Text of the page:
Cover: The Politics of Large Numbers: A History of Statistical Reasoning, from Harvard University PressCover: The Politics of Large Numbers in PAPERBACK

The Politics of Large Numbers

A History of Statistical Reasoning

Add to Cart

Product Details

PAPERBACK

$48.50 • £38.95 • €43.50

ISBN 9780674009691

Publication Date: 09/15/2002

Short

384 pages

5-11/16 x 8-15/16 inches

4 line illustrations

World

Related Subjects

Statistics-driven thinking is ubiquitous in modern society. In this ambitious and sophisticated study of the history of statistics, which begins with probability theory in the seventeenth century, Alain Desrosières shows how the evolution of modern statistics has been inextricably bound up with the knowledge and power of governments. He traces the complex reciprocity between modern governments and the mathematical artifacts that both dictate the duties of the state and measure its successes.

No other work, in any language, covers such a broad spectrum—probability, mathematical statistics, psychology, economics, sociology, surveys, public health, medical statistics—in accurately synthesizing the history of statistics, with an emphasis on the conceptual development of social statistics, culminating in twentieth-century applied econometrics.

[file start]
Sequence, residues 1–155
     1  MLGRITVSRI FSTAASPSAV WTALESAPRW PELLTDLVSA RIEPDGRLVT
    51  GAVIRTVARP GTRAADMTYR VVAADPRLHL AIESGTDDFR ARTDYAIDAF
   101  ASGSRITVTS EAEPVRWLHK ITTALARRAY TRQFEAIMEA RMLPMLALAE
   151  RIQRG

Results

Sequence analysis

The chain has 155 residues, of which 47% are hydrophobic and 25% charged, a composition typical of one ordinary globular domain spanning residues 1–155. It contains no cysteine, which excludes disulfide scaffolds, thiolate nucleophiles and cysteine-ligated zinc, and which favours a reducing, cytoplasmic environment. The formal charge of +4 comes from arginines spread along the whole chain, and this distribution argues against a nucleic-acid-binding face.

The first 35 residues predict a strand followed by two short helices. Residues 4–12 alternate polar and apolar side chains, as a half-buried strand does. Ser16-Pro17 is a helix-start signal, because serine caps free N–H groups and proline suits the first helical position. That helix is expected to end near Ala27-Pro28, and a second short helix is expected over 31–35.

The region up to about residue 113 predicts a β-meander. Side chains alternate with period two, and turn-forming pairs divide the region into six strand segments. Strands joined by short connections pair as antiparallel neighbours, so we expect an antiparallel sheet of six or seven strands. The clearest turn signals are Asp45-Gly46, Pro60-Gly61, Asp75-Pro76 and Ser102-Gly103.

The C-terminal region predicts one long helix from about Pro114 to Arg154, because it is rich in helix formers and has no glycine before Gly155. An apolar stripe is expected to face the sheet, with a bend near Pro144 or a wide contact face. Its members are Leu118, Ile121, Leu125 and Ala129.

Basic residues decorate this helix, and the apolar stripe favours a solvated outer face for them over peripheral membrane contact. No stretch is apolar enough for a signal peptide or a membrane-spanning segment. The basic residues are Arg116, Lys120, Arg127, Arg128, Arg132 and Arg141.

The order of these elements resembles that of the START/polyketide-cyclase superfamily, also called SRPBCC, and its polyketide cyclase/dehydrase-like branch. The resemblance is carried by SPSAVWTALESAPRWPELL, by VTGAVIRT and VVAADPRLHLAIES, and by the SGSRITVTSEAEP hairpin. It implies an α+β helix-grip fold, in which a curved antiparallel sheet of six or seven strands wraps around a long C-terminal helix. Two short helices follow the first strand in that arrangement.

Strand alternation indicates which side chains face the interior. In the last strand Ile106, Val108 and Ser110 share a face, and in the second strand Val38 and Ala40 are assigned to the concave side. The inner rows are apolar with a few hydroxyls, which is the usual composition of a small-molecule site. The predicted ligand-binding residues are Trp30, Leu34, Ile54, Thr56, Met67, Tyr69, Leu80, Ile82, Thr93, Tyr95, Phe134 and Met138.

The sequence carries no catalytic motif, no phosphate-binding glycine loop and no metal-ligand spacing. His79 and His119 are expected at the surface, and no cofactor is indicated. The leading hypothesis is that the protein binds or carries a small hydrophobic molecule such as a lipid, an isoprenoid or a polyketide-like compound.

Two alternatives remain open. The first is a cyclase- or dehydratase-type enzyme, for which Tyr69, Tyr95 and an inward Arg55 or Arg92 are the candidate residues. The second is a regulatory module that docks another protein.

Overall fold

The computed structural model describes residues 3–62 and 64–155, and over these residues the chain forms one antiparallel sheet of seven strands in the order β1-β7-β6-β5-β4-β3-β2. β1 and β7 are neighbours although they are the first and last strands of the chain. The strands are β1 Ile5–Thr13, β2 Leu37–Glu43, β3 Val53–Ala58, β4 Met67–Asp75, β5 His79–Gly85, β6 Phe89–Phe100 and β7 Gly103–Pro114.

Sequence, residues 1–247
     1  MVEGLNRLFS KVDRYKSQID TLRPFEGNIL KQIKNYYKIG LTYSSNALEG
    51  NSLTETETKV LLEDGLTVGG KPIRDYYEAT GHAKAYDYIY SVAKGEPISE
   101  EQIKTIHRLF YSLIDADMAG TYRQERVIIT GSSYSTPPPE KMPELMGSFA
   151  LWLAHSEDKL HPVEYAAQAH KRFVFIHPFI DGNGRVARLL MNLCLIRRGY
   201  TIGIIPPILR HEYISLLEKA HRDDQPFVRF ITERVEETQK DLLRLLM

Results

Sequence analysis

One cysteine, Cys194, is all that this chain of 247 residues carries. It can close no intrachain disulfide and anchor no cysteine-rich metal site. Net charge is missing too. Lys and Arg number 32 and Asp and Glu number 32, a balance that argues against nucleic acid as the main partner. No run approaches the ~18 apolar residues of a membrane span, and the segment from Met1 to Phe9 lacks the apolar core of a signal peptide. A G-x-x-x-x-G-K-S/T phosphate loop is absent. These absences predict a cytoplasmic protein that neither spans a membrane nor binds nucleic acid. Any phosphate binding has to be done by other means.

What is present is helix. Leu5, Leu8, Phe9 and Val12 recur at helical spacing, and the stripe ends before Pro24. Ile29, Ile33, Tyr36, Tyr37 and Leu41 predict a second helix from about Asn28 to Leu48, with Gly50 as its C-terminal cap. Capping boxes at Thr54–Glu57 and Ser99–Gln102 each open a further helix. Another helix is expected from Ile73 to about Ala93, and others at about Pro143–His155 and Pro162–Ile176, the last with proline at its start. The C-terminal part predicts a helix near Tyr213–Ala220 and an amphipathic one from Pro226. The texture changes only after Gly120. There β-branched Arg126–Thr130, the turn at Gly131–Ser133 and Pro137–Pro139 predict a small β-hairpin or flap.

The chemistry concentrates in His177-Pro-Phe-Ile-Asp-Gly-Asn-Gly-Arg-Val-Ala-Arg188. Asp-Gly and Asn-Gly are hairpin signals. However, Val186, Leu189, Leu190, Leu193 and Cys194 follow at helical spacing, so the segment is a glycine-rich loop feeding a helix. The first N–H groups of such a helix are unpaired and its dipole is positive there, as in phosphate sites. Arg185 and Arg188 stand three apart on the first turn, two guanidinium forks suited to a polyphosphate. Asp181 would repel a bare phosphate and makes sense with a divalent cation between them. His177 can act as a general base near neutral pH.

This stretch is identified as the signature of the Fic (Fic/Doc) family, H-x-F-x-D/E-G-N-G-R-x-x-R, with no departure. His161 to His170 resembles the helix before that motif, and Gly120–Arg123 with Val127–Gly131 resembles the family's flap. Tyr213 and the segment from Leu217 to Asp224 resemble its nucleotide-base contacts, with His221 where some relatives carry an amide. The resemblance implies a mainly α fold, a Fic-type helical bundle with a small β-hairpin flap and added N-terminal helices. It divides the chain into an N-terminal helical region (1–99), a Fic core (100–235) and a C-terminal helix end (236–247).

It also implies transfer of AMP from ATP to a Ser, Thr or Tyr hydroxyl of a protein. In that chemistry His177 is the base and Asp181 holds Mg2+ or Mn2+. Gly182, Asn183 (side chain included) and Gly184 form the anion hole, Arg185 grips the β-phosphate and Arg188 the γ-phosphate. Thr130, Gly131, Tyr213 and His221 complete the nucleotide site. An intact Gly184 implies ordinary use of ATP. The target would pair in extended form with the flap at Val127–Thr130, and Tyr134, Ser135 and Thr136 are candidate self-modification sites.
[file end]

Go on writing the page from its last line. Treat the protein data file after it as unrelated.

Recent News

Black lives matter. Black voices matter. A statement from HUP »

From Our Blog

Jacket: An Inquiry into Modes of Existence: An Anthropology of the Moderns, by Bruno Latour, translated by Catherine Porter, from Harvard University Press

Honoring Latour

In awarding Bruno Latour the 2021 Kyoto Prize for Arts and Philosophy, the Inamori Foundation said he has “revolutionized the conventional view of science” and “his philosophy re-examines ‘modernity’ based on the dualism of nature and society.” Below is an excerpt from An Inquiry into Modes of Existence: An Anthropology of the Moderns. For more than twenty years, scientific and technological controversies have proliferated in number and scope, eventually reaching the climate itself. Since geologists are beginning to use the term “Anthropocene” to designate the era of Earth’s history that follows the Holocene